U.S. welcomes Gorbachev's withdrawal from party Bush hesitant to increase aid

August 25, 1991|By Karen Hosler | Karen Hosler,Sun Staff Correspondent Dan Fesperman of The Sun's Washington Bureau contributed to this article.

KENNEBUNKPORT, Maine -- The White House yesterday welcomed Mikhail S. Gorbachev's move away from the Soviet Communist party "as another step forward in the reform process."

The brief statement issued here by President Bush's spokesman Marlin Fitzwater also noted that U.S. Ambassador Robert S. Strauss presented his credentials to President Gorbachev during Kremlin session earlier yesterday.

Mr. Struass also met for 40 minutes yesterday with Russian President Boris N. Yeltsin, who is increasingly regarded here as the major power in the Soviet Union.

Mr. Bush, who was monitoring yesterday's developments from the golf course, would not comment specifically on reports that Soviet President Gorbachev had quit the Communist Party.

"I heard one report on the ninth hole and another one I got on the 11th on the same matter," he complained. "So, you can't really comment until you know the facts."

But the president applauded the swift course of Soviet events that he said seem to be to "working in favor of the United States."

"I see nothing adverse . . . to the interests of the United States, which of course is our prime interest in all this," the president added in a brief exchange with reporters outside the clubhouse.

The White House also reacted cautiously to the declaration of independence by the Ukrainian Republic, saying it would wait to see whether the the central government would concur in the move.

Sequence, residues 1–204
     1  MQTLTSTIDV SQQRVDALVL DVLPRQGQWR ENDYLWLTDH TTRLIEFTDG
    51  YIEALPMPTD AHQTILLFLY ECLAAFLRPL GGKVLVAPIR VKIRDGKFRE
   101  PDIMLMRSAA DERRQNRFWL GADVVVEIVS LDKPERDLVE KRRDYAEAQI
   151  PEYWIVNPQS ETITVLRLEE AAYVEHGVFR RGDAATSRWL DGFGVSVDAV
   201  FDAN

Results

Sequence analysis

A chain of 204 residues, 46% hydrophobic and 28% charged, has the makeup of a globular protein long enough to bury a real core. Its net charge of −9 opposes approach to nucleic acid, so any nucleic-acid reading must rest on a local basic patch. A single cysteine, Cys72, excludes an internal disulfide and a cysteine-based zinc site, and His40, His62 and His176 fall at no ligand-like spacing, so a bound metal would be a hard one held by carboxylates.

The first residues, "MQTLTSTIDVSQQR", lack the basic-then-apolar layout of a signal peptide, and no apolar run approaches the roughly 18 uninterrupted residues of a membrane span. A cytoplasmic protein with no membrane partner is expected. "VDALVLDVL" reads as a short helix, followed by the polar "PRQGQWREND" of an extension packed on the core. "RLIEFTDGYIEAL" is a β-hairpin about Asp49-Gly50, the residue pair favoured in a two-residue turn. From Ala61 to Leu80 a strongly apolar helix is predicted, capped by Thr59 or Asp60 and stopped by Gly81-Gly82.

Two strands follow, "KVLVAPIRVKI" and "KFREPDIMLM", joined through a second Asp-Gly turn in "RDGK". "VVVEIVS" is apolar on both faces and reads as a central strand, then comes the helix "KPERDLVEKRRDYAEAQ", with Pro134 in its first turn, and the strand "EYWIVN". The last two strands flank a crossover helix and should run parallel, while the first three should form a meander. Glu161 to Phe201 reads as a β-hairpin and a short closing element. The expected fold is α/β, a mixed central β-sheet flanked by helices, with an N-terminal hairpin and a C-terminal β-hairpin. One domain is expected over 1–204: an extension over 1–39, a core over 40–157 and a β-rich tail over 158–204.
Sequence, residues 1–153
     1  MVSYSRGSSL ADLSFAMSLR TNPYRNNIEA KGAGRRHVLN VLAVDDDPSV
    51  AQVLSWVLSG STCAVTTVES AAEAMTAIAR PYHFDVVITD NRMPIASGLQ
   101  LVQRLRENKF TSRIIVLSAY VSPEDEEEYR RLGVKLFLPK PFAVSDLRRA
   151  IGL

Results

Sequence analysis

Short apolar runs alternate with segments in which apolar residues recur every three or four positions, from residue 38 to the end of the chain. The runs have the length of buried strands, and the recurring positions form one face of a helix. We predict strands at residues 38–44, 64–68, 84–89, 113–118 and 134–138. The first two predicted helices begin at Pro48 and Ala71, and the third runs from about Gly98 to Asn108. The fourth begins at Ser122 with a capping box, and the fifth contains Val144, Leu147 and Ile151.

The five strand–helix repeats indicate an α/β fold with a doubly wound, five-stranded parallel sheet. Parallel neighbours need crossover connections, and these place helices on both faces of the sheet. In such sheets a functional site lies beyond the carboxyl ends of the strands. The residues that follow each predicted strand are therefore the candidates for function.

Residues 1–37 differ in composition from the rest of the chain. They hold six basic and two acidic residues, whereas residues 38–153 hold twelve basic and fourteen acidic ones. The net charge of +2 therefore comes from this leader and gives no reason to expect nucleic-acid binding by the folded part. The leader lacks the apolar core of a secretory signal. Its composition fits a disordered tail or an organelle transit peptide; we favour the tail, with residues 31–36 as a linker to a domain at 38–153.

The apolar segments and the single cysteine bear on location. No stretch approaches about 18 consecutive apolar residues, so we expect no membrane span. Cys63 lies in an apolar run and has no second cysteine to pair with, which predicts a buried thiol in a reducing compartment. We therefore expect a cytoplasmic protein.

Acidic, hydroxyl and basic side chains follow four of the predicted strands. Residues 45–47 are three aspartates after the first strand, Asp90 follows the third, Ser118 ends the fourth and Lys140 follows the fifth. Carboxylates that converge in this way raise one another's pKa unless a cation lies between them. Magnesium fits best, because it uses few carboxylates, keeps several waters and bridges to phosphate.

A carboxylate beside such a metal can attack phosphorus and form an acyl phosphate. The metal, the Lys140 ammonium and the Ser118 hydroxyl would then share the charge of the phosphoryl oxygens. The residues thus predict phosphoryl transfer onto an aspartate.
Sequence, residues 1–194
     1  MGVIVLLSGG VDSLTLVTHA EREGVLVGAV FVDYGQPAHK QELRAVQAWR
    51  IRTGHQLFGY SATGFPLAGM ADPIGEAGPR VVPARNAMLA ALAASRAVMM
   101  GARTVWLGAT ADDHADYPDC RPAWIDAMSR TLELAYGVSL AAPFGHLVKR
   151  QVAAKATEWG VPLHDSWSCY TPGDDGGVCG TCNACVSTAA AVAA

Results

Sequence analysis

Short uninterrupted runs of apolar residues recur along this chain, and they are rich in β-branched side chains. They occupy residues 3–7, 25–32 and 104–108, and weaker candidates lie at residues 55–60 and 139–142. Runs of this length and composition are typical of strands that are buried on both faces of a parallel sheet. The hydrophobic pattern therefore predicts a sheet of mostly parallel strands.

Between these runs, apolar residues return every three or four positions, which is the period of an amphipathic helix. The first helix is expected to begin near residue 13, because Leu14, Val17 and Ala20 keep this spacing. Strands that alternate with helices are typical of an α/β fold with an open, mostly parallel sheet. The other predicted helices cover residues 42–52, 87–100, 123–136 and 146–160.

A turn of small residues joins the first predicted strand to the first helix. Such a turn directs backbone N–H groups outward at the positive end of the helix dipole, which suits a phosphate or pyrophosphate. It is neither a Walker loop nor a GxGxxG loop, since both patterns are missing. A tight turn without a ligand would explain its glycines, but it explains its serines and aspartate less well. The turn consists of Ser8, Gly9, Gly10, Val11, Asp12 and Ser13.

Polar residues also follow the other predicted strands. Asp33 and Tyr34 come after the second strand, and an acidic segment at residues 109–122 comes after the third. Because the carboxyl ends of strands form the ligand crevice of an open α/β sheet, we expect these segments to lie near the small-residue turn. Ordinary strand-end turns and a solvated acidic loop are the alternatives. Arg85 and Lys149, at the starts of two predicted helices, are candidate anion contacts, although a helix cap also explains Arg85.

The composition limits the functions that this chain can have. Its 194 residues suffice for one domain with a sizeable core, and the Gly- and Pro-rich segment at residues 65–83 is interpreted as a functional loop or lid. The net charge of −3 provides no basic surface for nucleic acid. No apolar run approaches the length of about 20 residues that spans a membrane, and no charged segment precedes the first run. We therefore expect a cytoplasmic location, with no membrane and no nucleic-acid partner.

As it happens, the Ukraine is the only Soviet republic besides Russia to have its own U.S. consulate. Established under an arrangement worked out during President Jimmy Carter's administration, the consulate in Kiev just opened last spring.

U.S. officials say they have no plans to recognize the independence of any Soviet republic, including the Baltics, until a pact has been made with the central government.

Noting that Mr. Yeltsin seems to be calling most of the shots for the central government and that he has been a proponent of independence movements, the White House estimates such an agreement would develop more quickly now.

Academic analysts of Soviet affairs concur, and say that even with his withdrawal from the Communist Party leadership, events may already be moving too fast for Mr. Gorbachev to keep pace. "These questions are now measured in terms of hours," said Thane Gustafson, of Georgetown University. "He [Mr. Gorbachev] has to put himself at the head of the liberal bandwagon right along with Yeltsin if he wishes to survive, or else you could end up with a mob backlash. . . . You could basically have 1989 in Eastern Europe occurring all over again."

Dimitri Simes, of the Carnegie Endowment for World Peace, said Mr. Gorbachev's resignation from the party was "the absolute minimum he can do if he wants to stay as president. The Communist Party is perceived in the Soviet Union today the way the Nazi Party was perceived in Germany in 1945. . . . He was the one who was really instrumental in destroying the party, but I don't think he fully understood the momentous consequences of his actions."

Whatever the future structure of the Soviet Union, the overriding issue will continue to be its economy. Canadian Prime Minister Brian Mulroney is expected to raise the issue of greater economic aid for the Soviet Union at a meeting scheduled here today with President Bush.

But Mr. Bush is holding fast to his insistence that the market reforms to the Soviet economy be put in place before a large infusion of cash would be warranted, or even wise.

"Eventually, there may be a way we can help with money," he told reporters. "But before that we've got to see reforms in the Soviet Union. We've got to know who we're dealing with in these ministries. There's just a lot of things that have to happen before we can move forward."

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